Wednesday, November 10, 2010

The moral connection to your gadget:


Buying, using, recycling, and discarding electronics involves you. Just released yesterday, the new Story of Stuff people have released The Story of Electronics

In this short film you learn about the problem of electronics and how they contribute to our toxic waste problem.  We as a society need to see how products we buy are part of a continuum where our buying and using the product are only but  a few of the stages of the life of a piece of electronics.  If we don’t get the message that what we buy matters we won’t be able to affect how items like electronics affect our environment.  And remember in  New York State a new law on the subject of ‘take back’ goes into effect on April 1st,  2010

Electronic Equipment Recycling and Reuse Act - NYS Dept. of Environmental Conservation “Beginning April 1, 2011, manufacturers of covered electronic equipment [those covered by the law] will be required to accept the following: computers, televisions (as well as cathode ray tubes), small scale servers, computer peripherals (monitors, electronic keyboards, electronic mice or similar pointing devices, facsimile machines, document scanners, printers), small electronic equipment (VCRs, digital video recorders, portable digital music players, DVD players, digital converter boxes, cable or satellite receivers, electronic or video game consoles)” more...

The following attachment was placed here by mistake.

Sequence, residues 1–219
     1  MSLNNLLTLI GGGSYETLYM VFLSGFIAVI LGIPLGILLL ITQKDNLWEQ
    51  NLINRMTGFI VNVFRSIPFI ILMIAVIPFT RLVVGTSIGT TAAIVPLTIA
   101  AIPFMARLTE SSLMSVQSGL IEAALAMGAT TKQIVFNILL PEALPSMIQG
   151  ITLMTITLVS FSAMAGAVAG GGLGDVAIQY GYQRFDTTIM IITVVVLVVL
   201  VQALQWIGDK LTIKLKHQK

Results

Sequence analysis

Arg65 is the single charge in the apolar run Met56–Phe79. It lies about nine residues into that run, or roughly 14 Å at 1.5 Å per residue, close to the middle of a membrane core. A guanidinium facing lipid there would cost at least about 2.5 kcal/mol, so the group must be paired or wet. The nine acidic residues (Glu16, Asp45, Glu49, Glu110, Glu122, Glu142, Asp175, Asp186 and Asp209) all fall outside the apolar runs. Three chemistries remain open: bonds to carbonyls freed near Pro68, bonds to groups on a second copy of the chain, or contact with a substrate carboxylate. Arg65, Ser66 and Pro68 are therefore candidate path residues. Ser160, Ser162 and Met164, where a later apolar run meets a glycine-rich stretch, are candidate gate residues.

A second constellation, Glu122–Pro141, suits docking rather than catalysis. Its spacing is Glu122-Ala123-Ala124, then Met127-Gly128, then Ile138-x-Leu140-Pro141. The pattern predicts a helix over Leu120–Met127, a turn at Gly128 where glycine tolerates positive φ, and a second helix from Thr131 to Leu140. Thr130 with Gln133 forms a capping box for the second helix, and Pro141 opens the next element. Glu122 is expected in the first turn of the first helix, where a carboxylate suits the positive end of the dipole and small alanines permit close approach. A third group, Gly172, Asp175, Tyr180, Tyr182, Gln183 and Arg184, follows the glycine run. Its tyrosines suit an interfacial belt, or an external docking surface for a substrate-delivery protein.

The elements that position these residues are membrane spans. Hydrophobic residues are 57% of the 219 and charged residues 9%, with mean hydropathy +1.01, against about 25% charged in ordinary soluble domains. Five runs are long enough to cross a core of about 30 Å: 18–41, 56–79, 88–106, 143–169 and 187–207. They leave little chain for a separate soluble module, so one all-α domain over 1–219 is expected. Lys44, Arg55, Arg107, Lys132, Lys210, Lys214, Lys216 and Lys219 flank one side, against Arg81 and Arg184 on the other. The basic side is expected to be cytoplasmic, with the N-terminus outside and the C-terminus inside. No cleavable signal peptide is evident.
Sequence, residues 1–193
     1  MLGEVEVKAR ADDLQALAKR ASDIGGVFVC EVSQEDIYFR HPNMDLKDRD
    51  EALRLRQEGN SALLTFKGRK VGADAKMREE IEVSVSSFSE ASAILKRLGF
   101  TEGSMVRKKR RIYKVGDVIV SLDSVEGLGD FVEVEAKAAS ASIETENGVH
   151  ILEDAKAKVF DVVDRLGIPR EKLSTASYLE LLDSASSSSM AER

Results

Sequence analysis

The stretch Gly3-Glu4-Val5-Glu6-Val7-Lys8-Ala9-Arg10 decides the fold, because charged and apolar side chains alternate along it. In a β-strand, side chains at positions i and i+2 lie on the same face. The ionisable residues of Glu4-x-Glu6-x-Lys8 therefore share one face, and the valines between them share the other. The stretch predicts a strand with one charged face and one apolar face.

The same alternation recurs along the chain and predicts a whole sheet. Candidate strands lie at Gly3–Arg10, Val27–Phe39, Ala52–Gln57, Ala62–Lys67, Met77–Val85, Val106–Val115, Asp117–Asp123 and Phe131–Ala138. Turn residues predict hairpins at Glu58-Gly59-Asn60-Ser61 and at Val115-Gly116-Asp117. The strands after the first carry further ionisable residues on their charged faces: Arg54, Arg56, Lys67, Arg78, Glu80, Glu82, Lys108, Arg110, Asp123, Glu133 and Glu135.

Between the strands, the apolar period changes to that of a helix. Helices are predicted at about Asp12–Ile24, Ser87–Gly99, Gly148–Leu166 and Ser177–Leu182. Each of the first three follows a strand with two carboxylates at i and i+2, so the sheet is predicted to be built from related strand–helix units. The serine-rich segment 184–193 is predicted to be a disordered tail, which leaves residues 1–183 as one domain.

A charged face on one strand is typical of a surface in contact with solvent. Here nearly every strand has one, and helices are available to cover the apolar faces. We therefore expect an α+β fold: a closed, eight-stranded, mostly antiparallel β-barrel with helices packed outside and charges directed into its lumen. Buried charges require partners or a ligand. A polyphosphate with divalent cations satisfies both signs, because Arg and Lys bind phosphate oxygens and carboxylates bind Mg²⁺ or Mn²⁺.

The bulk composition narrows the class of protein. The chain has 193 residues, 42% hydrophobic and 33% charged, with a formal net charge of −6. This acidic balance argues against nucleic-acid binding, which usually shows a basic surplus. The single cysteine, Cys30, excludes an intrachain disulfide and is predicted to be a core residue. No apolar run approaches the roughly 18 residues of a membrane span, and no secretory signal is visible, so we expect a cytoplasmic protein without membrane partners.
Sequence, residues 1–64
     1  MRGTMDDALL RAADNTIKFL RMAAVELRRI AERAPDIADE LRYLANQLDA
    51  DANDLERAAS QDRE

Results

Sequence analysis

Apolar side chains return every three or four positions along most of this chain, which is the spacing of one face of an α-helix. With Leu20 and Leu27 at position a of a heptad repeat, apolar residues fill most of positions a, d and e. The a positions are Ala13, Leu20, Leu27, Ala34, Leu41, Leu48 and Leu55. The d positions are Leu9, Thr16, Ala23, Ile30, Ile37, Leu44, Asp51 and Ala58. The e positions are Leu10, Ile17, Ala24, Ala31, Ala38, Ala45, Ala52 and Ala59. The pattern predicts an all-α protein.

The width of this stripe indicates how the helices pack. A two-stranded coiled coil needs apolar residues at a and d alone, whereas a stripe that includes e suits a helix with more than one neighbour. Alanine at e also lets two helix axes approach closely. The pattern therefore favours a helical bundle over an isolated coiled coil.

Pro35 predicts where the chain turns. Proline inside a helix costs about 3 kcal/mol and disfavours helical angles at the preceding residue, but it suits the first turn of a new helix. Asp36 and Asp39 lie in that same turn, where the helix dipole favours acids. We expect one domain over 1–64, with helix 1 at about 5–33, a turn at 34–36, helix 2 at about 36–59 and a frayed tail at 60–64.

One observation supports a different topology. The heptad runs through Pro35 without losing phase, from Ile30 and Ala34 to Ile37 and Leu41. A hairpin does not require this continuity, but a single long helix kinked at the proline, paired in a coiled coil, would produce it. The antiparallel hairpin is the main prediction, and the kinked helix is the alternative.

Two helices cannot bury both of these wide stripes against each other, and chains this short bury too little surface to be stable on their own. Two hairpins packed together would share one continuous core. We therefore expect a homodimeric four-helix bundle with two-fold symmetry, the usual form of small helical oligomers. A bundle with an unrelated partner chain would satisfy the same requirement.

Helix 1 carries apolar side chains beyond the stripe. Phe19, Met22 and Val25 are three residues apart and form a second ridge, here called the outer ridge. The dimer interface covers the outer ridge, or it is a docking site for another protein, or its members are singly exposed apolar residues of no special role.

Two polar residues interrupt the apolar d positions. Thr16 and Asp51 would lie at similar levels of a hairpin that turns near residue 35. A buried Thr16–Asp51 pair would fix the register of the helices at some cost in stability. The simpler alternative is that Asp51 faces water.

We don’t know much about this new law, how it will work, or how it will be enforced, so stay tuned to  When we find out, you’ll find out.

The Story of Electronics The Story of Stuff Project worked closely with the Electronics TakeBack Coalition to develop and distribute The Story of Electronics. ETBC is a coalition effort launched in 2001 to promote green design and responsible recycling in the electronics industry. ETBC works to protect the health and well being of electronics users, workers, and the communities where electronics are produced and discarded by requiring consumer electronics manufacturers and brand owners to take full responsibility for the life cycle of their products, through effective public policy requirements or enforceable agreements. To learn more about ETBC and get involved click here.

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